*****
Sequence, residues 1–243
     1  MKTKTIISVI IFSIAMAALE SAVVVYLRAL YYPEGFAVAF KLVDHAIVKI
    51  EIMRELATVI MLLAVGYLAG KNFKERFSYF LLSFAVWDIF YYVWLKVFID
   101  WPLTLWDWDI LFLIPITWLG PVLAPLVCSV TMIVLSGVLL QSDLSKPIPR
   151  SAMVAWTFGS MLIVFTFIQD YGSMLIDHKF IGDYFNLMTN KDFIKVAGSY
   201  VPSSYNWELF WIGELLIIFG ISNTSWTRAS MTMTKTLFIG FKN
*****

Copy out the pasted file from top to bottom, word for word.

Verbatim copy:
Sequence, residues 1–243
     1  MKTKTIISVI IFSIAMAALE SAVVVYLRAL YYPEGFAVAF KLVDHAIVKI
    51  EIMRELATVI MLLAVGYLAG KNFKERFSYF LLSFAVWDIF YYVWLKVFID
   101  WPLTLWDWDI LFLIPITWLG PVLAPLVCSV TMIVLSGVLL QSDLSKPIPR
   151  SAMVAWTFGS MLIVFTFIQD YGSMLIDHKF IGDYFNLMTN KDFIKVAGSY
   201  VPSSYNWELF WIGELLIIFG ISNTSWTRAS MTMTKTLFIG FKN